Be careful when making train arrangements in Europe. Different companies use the prefix "Eur." For example, Eurostar and Eurail. The first is a modern, comfortable train. The second could be a make-over from World War II.
On Eurail, our cramped compartment demanded an acrobatic climb to the top bunk. The dining car, supposed to be included, was never added. Our three meals were packaged snacks and sodas. In Aachen, Germany, a hasty unscheduled change resulted in loss of luggage and an altered route--to Brussels instead of Paris.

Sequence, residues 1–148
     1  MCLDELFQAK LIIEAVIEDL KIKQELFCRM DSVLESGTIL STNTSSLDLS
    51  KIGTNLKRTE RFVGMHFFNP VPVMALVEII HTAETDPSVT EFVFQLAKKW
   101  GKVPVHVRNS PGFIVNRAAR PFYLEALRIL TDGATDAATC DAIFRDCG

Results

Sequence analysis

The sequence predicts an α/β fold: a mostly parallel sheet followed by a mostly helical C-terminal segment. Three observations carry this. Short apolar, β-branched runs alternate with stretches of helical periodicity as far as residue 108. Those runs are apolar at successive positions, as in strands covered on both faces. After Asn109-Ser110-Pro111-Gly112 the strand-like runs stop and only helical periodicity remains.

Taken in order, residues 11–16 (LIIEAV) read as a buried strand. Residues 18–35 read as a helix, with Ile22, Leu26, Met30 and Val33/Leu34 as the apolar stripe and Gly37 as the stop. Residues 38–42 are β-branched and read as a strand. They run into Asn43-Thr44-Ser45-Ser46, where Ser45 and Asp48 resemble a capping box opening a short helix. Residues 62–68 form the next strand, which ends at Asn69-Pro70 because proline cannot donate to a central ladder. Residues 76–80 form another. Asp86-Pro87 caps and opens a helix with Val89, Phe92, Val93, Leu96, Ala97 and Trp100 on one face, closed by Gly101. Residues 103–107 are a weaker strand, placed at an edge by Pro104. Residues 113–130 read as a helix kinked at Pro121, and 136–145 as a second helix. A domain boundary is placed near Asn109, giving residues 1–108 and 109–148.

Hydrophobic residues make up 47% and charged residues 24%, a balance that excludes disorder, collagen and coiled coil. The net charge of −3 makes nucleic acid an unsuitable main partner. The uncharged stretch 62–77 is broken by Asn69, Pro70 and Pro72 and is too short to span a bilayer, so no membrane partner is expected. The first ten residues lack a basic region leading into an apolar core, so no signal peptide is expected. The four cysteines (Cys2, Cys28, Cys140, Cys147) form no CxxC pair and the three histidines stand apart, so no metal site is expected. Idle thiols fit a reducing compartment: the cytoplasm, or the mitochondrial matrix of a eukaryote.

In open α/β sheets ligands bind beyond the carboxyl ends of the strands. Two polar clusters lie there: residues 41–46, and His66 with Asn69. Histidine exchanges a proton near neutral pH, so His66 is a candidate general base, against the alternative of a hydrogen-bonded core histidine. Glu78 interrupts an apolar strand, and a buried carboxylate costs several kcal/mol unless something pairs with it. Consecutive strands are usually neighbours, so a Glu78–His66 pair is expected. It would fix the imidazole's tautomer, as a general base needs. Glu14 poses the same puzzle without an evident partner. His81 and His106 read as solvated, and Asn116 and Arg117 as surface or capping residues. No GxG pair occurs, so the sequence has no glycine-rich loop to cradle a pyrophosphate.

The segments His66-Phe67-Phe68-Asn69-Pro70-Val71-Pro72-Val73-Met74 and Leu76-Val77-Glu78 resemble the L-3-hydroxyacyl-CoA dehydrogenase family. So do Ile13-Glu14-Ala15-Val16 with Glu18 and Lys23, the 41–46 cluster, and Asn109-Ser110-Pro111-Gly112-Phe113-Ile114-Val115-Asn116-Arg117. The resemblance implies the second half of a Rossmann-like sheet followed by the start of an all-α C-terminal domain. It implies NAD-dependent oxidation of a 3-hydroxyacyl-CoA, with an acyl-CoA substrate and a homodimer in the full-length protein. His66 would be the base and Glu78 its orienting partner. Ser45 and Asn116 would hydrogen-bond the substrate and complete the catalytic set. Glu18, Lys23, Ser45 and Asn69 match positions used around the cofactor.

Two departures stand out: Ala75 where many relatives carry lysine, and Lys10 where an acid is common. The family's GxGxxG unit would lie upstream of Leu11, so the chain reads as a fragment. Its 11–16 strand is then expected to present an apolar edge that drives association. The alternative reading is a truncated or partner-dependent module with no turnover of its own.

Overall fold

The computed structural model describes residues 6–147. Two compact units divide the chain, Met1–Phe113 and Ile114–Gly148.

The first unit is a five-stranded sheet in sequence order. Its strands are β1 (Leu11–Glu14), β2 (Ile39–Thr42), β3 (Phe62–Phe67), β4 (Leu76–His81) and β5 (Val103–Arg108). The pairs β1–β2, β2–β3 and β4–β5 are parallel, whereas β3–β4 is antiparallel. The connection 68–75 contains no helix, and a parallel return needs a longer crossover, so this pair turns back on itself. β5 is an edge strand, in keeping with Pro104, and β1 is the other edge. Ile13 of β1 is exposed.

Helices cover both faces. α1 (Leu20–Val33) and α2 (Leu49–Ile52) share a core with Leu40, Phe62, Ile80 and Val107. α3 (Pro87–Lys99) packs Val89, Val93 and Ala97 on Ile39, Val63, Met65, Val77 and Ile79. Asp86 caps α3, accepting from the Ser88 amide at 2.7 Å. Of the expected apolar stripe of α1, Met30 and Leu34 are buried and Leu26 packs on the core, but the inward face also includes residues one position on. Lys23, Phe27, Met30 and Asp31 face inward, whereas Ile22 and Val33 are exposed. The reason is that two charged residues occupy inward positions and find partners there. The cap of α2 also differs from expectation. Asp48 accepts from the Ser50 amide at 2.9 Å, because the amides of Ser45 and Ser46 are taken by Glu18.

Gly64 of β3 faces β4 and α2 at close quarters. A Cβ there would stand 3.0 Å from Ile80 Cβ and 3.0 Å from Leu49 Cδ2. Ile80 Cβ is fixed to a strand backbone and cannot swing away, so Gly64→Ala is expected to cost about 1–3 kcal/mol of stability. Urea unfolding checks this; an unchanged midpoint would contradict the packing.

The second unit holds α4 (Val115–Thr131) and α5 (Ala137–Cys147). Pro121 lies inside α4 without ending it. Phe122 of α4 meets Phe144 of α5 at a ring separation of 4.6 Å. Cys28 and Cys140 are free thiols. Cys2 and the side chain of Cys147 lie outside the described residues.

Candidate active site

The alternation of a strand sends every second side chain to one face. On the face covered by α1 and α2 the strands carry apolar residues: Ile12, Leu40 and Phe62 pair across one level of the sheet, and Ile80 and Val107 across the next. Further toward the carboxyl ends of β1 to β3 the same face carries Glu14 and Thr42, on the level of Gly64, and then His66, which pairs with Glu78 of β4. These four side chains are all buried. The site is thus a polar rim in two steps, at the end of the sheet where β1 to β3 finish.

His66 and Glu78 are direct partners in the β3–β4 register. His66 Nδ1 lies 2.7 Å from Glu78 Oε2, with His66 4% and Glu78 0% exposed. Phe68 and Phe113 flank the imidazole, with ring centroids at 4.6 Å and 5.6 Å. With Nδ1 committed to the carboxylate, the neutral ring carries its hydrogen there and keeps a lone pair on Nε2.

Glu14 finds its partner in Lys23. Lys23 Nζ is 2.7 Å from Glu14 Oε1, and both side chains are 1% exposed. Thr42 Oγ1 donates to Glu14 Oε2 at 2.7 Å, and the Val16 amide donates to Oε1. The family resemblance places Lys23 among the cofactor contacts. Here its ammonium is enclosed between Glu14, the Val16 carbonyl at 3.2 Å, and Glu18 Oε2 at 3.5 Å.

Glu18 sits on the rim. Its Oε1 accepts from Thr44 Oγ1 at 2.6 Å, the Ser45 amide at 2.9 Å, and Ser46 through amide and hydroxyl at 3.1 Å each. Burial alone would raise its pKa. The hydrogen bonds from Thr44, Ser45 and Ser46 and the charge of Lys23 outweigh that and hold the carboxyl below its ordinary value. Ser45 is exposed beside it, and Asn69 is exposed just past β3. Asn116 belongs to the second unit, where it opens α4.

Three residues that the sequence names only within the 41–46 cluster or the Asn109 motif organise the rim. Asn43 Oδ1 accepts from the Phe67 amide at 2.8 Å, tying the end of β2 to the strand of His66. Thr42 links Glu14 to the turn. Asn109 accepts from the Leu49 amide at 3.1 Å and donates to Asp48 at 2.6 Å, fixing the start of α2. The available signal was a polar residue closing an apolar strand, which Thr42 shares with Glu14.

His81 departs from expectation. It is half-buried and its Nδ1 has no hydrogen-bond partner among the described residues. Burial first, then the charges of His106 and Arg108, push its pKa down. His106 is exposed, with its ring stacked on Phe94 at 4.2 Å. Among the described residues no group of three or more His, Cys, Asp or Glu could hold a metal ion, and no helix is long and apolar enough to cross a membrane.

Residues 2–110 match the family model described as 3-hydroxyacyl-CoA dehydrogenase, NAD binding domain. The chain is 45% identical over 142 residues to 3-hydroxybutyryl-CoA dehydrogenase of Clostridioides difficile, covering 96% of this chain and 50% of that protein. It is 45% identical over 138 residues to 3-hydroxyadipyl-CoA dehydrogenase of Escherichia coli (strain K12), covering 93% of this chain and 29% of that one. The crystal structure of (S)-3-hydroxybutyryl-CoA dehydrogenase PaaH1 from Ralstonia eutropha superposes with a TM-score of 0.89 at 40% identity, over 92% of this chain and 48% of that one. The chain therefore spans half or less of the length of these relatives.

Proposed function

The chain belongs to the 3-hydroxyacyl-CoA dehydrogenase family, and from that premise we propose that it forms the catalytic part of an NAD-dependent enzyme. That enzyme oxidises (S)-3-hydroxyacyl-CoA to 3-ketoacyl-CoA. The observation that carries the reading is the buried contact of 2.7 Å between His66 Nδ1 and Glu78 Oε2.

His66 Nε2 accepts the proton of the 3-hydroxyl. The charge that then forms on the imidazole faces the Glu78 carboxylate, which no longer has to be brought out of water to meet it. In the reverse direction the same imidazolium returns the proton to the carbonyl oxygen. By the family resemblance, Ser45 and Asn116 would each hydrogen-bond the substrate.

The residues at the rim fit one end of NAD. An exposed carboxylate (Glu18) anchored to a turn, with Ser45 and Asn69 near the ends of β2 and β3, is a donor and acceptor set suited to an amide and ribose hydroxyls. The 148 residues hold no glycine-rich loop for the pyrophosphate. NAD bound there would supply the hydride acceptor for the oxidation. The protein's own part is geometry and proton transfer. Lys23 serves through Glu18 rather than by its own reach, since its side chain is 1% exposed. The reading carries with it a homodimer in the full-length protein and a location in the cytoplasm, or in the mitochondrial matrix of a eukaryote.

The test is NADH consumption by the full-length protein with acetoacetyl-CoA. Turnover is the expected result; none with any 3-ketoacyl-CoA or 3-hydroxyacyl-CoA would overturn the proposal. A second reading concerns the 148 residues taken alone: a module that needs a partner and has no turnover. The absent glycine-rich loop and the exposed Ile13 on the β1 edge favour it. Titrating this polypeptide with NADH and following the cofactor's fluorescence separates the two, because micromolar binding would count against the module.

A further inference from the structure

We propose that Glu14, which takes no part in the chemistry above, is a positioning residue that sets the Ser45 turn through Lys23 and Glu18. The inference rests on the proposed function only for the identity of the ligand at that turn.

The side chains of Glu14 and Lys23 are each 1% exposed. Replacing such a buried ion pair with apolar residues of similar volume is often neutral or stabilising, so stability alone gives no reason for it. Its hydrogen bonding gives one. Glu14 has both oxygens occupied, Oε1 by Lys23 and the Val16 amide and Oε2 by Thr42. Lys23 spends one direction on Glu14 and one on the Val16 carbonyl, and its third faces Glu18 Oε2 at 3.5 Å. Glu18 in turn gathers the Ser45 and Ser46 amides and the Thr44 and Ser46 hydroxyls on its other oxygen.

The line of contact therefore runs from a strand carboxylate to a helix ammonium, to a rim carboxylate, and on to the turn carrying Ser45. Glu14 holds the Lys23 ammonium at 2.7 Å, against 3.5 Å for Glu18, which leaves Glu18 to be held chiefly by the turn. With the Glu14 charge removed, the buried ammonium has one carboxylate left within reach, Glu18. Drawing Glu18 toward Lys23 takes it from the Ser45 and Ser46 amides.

When we arrived in Brussels, we were dumped with our luggage on a platform in a large unfamiliar station with 20 minutes to make connections for Paris. This was impossible, and we had to buy new tickets.